Nobody really knows much about Giant Sea Bass. Studying their behavior is great way to learn about them and get others interested in doing research on them as well. Behavioral research basically disappeared when molecular biology “hit the scene.” This research is part of the revival of behavioral studies and organismal behavior is something that I have always been curious and passionate about. I want to aid in the preservation of this endangered fish and prove that behavioral ecology is still a relevant science. I would love for kids to be able to see the same fishes I got to see growing up in the wild and not just in aquaria.

Others should fund it because they want to learn more about Giant Sea Bass, they want to conserve a species that was almost fished to extinction. Or they think behavioral ecology is as cool as I do :)

Why did you decide to participate in the SciFund Challenge?

A professor at my school sent out an email about it and I’ve seen so many people raise money through crowdfunding. I figured it was worth a shot and regardless of reaching my goal, that it would be a great learning experience for myself.

What was the most difficult aspect of building your SciFund Proposal? What was your favorite? 

The most difficult for me was putting together the video, but at the same time it was my favorite. I have such a hard time being in front of a camera, I just get super nervous and forget what I’m trying to say. My lab partners and I sat around on a Friday night going around the lab trying to find the best places to shoot and every time I started to get nervous, they would say and do things that would make me laugh. It ended up being a really cool bonding experience for us and I plan on making a couple more to further inform and promote my research.

Tell us something random. Something funny. Something borrowed. Something blue.

I have to thank my mentors for inspiring me to push on in my field. They have done so much to help me get where I am today. Each one has their own catch phrase that  me that will stick for the rest of my life and I feel like everyone in research should live by these words.

“Science never sleeps.” –Dr. Karen Crow

“If science was easy, everyone would be doing it” –Dr. Peter Edmunds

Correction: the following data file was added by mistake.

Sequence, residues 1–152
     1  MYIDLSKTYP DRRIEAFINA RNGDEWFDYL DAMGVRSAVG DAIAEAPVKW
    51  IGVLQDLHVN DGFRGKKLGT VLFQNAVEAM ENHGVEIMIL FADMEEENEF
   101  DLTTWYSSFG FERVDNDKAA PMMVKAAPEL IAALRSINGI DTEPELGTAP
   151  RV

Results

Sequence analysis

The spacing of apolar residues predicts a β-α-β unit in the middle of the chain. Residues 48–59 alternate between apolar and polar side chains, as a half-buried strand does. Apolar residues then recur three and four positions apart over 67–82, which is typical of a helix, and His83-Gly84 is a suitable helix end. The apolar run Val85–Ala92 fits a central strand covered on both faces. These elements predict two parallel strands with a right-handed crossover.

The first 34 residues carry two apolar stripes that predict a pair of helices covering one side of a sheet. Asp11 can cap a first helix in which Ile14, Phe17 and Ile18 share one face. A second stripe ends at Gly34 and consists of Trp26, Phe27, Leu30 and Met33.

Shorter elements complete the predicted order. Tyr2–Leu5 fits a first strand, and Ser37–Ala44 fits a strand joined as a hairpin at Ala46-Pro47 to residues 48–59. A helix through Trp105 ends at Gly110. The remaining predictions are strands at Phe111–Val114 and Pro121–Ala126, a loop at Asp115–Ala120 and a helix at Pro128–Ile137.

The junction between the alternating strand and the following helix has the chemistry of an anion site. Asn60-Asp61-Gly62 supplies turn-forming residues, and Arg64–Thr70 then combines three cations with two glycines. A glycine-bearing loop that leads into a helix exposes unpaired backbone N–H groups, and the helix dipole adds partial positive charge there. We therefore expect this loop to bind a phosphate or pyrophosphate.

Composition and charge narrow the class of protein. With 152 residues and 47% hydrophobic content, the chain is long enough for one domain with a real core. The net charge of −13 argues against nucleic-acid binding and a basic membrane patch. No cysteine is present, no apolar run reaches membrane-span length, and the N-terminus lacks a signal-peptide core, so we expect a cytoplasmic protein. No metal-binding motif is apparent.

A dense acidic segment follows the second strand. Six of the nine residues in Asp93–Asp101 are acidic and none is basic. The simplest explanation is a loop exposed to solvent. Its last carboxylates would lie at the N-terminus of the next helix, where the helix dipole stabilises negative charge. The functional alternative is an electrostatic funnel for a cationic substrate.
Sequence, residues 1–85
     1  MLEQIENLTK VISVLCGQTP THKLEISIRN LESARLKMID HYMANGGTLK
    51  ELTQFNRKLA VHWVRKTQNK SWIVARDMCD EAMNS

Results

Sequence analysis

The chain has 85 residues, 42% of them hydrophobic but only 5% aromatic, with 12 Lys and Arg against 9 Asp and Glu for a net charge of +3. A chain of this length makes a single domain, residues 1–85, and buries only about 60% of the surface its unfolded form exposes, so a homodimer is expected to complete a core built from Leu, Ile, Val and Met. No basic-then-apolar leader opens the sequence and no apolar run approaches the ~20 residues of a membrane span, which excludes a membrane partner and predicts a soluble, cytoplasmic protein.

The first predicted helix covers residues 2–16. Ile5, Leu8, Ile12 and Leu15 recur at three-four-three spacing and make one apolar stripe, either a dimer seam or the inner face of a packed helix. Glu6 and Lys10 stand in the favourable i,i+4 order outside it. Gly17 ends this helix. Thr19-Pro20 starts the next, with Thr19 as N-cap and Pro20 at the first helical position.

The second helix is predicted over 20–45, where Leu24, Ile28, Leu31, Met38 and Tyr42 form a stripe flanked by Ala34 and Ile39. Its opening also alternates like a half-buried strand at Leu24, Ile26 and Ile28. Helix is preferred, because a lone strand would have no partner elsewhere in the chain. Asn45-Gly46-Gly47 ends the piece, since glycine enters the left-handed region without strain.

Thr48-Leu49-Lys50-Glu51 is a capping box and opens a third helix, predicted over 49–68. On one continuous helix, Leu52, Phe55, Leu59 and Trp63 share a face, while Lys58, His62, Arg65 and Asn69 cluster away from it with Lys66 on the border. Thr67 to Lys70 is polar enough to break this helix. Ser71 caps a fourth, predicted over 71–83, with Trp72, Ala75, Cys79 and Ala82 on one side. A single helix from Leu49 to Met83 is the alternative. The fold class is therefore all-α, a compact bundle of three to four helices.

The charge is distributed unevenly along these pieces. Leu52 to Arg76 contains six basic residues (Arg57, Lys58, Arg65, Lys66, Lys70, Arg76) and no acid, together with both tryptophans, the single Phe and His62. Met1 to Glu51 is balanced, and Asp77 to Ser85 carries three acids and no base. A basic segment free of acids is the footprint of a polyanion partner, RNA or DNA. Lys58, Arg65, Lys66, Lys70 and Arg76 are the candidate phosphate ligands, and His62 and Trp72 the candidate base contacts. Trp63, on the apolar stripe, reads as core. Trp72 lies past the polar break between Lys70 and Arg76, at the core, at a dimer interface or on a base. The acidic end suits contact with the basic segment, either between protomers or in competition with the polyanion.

You can find Brian’s project here.

The story behind Experiment’s new name

Cindy WuIn this round of #SciFund, we have partnered with the science crowdfunding site Experiment. Some of you may know that Experiment used to be Microryza. But have you wondered how the transition came about? It’s a great story, told by Rohin Dhar. Here’s a snippet…

Denny surfed the web, wistfully looking at domains that would not be theirs. On a whim, he typed in … The owner of wrote Denny back within 30 minutes. A few minutes later, they were on a Skype video call, even though it was around midnight. The owner of the domain loved the team’s mission. He had a masters in physics and had bought the domain in 1996 hoping that one day it would be used for some noble purpose.

You should go read the rest. And then, of course, hed to the sweet new website with the sweet, easy to remember name, and support your favourite #SciFund project!

Podcast! Get yer podcast!

microbe_postOn the Society of General Microbiology podcast, Lee Stanish does a little chittin’ and chattin’ about her #SciFund project, “Can microorganisms help protect our groundwater from contamination by hydraulic fracturing?

Go have a listen.  After listening, don’t forget to head back to the Experiment website to support Lee’s project or one of our many other fine projects!

Six makes a quarter

prisoner_number_6You know Erin?  You should. We profiled her yesterday.

Today, Erin tweeted:

MA summer research is officially a go! YESSS! Thank you #SciFund and all who contributed so far – on to the stretch goals!! #itneverends ;)

Congratulations to Erin for being the sixth participant in this round to become fully funded! This means that a quarter of our projects are fully funded after ten days in this round. Who will be our next finisher? Could it be Jessica? Or Lindsay? Or will a dark horse spring from the back of the pack to surprise us?

You should go to Experiment, watch some videos, find a favourite, and support it!

#Scifund Challenge Round 4 with Erin Eastwood